The incidence and significance of late acute cellular rejection (>1000 days) after liver transplantation1


  • 1

    Portions of this material were presented to the American Society of Transplantation, 30 April 2002, Washington, DC, USA.

Sander Florman, Tulane Center for Abdominal Transplantation, 1415 Tulane Avenue TW 35, New Orleans, LA 70112, USA.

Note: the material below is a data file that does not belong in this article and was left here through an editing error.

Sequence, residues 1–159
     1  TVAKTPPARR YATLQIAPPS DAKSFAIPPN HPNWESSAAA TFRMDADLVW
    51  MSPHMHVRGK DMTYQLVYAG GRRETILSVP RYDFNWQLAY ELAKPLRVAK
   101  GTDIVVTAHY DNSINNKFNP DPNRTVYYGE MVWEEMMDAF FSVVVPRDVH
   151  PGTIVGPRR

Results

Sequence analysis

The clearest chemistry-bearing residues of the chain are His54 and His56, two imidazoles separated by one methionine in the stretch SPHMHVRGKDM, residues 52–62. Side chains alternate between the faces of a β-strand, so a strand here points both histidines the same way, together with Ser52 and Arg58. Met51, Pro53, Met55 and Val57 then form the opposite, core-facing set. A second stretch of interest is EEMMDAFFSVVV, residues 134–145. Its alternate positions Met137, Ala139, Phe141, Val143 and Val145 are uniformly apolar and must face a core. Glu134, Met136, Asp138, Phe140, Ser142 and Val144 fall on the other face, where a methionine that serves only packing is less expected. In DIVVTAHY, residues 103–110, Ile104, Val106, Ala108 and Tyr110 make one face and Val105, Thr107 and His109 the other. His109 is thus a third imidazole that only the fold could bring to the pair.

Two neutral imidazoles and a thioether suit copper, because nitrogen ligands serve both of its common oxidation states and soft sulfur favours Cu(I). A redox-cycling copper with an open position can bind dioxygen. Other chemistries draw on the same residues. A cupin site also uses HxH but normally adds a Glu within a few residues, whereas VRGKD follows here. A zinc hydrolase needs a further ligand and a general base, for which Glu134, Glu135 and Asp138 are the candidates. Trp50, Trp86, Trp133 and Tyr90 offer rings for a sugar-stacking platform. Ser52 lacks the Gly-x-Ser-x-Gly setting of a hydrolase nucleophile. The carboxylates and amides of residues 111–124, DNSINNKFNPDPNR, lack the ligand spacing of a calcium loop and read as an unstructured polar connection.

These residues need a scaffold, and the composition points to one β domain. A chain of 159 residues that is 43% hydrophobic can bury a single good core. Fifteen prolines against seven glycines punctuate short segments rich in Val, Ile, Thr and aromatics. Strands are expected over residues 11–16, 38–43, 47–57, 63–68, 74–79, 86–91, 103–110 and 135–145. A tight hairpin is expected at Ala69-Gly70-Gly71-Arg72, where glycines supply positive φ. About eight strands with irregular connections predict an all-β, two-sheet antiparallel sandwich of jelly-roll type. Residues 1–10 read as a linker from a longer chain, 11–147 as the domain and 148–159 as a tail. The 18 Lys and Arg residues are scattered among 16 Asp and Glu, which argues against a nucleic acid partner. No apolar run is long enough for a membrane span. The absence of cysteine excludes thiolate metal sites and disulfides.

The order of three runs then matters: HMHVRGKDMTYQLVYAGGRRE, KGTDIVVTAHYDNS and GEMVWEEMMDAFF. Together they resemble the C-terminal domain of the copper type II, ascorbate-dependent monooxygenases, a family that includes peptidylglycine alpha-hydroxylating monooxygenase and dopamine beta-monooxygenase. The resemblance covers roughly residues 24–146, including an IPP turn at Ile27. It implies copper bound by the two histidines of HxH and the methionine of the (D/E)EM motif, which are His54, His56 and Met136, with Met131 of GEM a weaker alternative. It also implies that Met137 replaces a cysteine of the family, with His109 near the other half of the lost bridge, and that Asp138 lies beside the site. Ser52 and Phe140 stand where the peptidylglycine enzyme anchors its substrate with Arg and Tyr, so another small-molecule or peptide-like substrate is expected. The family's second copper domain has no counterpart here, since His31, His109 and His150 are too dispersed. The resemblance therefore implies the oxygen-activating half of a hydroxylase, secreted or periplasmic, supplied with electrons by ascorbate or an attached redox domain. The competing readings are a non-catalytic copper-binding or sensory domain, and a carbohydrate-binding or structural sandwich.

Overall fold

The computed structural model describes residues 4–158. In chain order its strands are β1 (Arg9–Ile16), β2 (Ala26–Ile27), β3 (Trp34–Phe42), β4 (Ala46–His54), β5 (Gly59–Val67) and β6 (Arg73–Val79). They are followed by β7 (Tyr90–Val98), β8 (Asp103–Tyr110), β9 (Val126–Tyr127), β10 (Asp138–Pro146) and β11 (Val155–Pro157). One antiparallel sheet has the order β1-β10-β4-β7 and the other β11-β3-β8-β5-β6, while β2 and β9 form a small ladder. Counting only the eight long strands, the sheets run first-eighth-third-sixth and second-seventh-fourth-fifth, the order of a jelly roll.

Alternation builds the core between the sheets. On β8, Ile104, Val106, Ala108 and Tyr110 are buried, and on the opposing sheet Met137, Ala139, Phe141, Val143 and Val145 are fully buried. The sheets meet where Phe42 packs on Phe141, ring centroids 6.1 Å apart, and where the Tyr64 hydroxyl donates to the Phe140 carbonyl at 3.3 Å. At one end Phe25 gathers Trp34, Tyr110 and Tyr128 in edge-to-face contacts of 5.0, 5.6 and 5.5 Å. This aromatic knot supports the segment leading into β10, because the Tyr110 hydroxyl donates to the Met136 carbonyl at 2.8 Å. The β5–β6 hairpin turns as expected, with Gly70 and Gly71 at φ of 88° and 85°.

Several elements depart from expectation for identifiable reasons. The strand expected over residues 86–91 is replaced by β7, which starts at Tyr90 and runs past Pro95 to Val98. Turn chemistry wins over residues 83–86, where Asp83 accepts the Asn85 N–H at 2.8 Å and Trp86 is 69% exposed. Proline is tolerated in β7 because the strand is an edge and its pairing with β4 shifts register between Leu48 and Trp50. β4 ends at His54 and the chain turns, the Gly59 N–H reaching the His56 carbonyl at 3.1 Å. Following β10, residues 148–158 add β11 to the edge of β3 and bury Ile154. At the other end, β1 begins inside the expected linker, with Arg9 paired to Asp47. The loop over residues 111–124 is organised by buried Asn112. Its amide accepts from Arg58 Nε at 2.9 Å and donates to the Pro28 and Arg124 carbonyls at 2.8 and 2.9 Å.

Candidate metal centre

Abstract:  Acute cellular rejection (ACR) after liver transplantation occurs in as much as 70% of patients within the first year. There is very little known about ACR that occurs more than 1 yr after transplant, and it is generally believed that late occurring ACR may be more resistant to medical treatment and is associated with a higher rate of chronic ductopenic rejection and graft loss. A total of 532 recipients with more than 1000 d follow-up and who did not have hepatitis C were identified. Forty-three (8.1%) had biopsy proven late ACR at a mean of 1545 ± 441 d post-transplant. Additionally, 38 of the 43 (88.4%) patients with late ACR had earlier episodes of ACR before 1000 d post-transplant vs. only 295 of the 488 patients (60.5%) that did not have late ACR (p < 0.01). The incidence of primary sclerosing cholangitis (PSC) was 32.6% among patients with late ACR and 11.1% among patients without late ACR (p < 0.01). The overall patient survival for patients who had late ACR (n = 43) is 81.4% while for patients without late ACR (n = 488) it is 82.0% (p = ns). Patients remain at risk for ACR even after 1000 d post-transplant, particularly those with PSC.